Open Range (2003) 7/10. There's one hellacious gunfight in this film, but it takes Costner forever to get to it. And then the aftermath drags on and on. I guess Kevin loved shooting up in Alberta so much he never wanted to stop, and then, because this was a project for TV, he was allowed to cram an hour's worth of material into a two-and-a-half hour cut. Well, it does look very beautiful (although the over-reliance on reflectors becomes annoying). For PQ, the German Blu-ray is the way to go.

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« Reply #13510 on: May 07, 2014, 12:22:52 AM »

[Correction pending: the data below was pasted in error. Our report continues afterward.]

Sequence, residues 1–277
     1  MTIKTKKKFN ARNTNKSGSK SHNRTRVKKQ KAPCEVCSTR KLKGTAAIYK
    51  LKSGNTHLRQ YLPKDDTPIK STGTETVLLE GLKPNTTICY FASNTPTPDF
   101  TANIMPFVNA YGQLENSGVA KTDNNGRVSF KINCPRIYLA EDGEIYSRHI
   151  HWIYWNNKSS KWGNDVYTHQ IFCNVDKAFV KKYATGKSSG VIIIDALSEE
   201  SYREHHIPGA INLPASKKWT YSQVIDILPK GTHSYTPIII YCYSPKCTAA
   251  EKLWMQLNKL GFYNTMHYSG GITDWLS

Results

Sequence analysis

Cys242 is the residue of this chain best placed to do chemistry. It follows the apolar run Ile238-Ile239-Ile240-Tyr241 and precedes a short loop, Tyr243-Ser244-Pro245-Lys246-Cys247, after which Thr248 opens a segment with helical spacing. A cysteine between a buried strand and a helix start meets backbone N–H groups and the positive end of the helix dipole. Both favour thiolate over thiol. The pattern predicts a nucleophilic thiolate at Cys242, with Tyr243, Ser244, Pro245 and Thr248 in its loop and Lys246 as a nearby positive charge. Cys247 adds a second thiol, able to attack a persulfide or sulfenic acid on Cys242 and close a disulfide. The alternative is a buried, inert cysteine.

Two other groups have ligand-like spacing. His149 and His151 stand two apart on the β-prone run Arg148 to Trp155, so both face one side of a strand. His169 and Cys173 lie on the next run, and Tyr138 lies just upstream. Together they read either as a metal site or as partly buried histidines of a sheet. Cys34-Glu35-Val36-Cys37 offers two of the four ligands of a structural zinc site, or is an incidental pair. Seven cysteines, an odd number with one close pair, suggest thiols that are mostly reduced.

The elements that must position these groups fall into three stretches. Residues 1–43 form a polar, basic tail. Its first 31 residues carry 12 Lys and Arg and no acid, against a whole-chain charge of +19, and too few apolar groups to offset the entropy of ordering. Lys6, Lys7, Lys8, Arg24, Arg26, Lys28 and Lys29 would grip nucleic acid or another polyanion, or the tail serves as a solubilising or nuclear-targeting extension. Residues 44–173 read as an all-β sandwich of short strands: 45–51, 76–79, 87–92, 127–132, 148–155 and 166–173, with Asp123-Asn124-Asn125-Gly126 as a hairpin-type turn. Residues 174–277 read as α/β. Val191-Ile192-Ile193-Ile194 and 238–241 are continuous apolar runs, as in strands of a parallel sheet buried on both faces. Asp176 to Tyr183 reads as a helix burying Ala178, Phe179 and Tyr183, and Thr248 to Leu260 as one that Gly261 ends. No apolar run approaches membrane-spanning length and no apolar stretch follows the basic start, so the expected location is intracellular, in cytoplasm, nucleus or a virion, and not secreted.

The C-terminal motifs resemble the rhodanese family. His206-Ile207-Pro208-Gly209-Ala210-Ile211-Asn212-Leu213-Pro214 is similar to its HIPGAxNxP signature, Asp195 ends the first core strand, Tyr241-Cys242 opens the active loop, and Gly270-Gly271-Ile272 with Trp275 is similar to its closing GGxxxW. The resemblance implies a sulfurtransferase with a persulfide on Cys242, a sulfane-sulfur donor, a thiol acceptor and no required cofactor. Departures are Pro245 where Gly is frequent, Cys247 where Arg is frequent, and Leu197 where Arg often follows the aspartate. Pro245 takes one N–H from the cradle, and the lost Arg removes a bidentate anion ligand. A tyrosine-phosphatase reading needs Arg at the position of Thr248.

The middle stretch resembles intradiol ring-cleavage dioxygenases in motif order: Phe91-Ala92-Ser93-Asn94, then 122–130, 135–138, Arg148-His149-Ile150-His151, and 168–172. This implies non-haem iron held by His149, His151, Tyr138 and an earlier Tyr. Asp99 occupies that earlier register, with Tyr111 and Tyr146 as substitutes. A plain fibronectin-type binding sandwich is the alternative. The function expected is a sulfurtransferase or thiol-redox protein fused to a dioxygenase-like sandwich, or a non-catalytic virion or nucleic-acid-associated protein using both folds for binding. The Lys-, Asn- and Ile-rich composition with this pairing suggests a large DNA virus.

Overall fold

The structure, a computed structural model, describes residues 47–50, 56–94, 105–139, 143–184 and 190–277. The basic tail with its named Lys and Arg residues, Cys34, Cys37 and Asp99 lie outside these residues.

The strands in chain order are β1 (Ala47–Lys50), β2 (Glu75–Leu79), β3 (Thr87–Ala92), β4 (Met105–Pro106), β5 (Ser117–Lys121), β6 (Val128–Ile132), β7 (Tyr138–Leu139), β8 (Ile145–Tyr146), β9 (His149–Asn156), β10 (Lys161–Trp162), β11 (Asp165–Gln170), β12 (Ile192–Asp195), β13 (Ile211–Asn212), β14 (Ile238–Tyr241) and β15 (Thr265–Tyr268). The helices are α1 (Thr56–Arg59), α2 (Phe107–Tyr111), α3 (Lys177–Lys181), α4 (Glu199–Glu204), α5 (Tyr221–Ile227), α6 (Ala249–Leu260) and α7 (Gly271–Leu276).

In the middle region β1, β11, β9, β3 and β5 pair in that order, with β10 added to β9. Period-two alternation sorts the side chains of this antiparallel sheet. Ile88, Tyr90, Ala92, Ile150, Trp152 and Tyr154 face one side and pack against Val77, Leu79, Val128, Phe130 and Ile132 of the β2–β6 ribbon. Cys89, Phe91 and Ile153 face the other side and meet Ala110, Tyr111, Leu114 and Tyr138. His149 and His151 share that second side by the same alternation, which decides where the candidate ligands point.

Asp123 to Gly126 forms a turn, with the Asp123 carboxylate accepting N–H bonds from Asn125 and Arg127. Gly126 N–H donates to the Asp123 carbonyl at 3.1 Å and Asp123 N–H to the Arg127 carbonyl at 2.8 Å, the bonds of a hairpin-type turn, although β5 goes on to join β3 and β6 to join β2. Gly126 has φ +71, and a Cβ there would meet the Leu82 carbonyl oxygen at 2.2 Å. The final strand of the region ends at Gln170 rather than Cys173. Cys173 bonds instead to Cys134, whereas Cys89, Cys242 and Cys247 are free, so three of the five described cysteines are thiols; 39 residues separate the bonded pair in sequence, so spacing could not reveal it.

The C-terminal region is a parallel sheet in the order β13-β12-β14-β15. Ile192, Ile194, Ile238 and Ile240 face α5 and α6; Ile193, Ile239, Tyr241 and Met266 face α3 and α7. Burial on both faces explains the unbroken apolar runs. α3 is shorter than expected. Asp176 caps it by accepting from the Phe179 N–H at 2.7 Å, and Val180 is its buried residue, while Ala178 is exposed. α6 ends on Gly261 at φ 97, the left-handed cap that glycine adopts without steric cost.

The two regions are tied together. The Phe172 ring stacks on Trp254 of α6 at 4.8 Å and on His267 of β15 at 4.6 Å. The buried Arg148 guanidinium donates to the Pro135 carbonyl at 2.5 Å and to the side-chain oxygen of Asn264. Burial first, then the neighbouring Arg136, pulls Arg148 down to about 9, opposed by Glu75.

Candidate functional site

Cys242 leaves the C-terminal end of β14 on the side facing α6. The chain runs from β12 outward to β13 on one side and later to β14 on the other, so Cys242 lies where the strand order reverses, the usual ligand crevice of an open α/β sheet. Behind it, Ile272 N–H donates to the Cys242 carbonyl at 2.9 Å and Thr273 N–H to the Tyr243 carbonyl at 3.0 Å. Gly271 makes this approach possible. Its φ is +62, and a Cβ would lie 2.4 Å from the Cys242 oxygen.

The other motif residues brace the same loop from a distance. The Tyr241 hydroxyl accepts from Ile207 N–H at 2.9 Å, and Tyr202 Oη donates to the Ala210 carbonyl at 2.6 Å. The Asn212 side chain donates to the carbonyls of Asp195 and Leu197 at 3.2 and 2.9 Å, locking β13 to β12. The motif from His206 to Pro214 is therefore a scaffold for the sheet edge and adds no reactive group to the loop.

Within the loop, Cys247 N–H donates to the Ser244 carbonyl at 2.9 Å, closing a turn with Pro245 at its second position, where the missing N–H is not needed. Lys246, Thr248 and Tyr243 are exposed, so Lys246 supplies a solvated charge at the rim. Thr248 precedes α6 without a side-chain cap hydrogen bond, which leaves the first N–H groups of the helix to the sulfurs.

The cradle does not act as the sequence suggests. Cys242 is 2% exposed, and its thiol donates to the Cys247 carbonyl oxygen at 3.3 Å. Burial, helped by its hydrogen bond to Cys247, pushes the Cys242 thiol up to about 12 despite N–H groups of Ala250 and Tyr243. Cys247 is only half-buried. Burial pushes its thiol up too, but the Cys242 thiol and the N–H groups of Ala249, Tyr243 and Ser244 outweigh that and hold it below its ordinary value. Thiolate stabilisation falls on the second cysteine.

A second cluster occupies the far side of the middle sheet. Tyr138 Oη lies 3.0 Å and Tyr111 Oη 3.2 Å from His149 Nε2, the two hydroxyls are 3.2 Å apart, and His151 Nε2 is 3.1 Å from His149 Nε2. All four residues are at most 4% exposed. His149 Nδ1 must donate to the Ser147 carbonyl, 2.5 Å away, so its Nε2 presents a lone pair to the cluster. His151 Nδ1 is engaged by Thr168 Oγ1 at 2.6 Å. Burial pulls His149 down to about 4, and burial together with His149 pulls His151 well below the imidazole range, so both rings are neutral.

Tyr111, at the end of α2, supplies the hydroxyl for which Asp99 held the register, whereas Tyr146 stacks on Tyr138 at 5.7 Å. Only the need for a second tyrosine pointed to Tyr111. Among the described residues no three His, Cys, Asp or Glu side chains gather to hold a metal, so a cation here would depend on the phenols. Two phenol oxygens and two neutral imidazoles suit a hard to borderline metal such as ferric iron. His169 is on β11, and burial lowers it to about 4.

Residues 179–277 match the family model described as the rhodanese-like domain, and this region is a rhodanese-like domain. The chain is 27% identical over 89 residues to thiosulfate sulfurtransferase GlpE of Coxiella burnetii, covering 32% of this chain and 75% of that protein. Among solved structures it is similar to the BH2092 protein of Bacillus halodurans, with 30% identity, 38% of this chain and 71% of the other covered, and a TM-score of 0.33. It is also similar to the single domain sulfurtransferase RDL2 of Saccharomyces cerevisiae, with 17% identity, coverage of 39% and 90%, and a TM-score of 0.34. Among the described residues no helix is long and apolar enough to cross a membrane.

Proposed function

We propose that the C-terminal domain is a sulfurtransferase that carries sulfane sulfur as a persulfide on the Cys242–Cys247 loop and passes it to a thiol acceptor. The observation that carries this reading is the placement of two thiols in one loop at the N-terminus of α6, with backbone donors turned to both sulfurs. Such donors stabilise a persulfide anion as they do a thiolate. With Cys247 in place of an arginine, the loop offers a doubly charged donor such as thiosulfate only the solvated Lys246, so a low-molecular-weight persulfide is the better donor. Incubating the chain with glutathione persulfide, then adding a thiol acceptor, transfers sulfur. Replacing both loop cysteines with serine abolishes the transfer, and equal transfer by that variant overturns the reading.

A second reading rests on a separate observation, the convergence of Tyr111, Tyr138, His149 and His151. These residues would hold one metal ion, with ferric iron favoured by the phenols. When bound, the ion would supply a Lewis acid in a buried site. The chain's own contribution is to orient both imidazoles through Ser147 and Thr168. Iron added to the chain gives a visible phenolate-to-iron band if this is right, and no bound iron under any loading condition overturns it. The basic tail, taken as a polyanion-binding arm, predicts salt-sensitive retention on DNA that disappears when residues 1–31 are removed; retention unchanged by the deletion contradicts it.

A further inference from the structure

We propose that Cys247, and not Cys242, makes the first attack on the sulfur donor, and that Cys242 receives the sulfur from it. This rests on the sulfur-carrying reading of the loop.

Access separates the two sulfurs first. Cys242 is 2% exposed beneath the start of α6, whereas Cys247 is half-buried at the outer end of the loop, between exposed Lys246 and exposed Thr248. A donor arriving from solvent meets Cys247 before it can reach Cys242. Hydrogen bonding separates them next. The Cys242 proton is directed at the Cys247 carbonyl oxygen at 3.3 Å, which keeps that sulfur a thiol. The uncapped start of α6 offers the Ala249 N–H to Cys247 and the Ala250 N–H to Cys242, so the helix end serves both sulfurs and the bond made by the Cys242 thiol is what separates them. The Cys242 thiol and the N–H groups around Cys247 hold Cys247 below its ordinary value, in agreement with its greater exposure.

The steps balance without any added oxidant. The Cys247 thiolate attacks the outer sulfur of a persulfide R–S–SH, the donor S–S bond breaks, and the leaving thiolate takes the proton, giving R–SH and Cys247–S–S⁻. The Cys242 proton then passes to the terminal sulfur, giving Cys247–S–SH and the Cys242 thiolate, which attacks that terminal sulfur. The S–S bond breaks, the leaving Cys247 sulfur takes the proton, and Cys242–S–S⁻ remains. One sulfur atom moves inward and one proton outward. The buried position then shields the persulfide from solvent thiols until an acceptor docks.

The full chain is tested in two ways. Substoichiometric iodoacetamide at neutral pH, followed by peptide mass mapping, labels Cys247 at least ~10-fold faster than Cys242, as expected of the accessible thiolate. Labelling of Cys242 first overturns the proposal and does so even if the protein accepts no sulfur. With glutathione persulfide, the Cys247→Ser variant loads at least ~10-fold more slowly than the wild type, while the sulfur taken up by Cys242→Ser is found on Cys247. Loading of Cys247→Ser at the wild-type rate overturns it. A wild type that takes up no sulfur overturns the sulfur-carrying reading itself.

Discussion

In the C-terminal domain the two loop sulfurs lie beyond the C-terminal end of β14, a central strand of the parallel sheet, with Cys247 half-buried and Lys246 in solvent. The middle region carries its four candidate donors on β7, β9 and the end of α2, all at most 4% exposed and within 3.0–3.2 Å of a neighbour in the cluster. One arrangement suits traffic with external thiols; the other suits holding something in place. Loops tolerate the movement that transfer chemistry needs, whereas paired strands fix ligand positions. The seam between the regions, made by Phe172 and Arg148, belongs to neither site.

The Wonderful Country (1959) - 6/10. What a frustrating film! Robert Mitchum is a gunrunner and pistolero working for the Castro family south of the border. While transporting some rifles from the U.S. side Mitchum's horse falls, and Bob has to recuperate in an American town while his leg mends. And then the rifles go missing. Surely, we say to ourselves, watching for the first time, this is where the story will take off--Mitchum will have to run down the missing weapons before his employers get wind of the problem and decide to terminate (with extreme prejudice) Mitchum's contract. Doesn't happen. Then, as Mitchum is still recuperating, he catches the eye of the local military commander's wife (Julie London). Mitchum likes what he sees too, so it would be only natural for a love triangle to develop, with Mitchum and the commander (Gary Merrill) duking it out for the affections of the woman they both love. No, that never really happens either. Mitchum, after recovering, attends a party where a friend of his is killed: Bob responds with an immediate return kill. Mitchum has a credible self-defense plea he could play, but rather than use it, he runs away. Obviously, the posse is gonna go after him and the film will now become a fugitive-from-justice story. Uh, nope. Crossing back into Mexico, Mitchum finds the Castro brothers at each other's throats. The elder brother (Pedro Armendáriz) wants to hire Mitchum to assassinate his rival--ooo, good, good, a blood-for-money plot!--but Bob says no. (Huh?). Pedro doesn't like that answer, so he sends "the boys" out to track Bob down. Okay, the on-the-lam-from-the-padrone story isn't as interesting, but at least we have a plot, no? No. Nothing comes of this. Then there's the sub-plot in which Gary Merrill and the Castros put together a task force to go after those pesky Apaches. It would have been nice if even this had, at some point, become the dominant line, just so we'd finally have a story. Man, this film has so many ideas, but it doesn't adequately use any of them. The location photography in and around Durango is nice: hence the title, The Wonderful Country. What a shame they couldn't have shot The Wonderful Screenplay.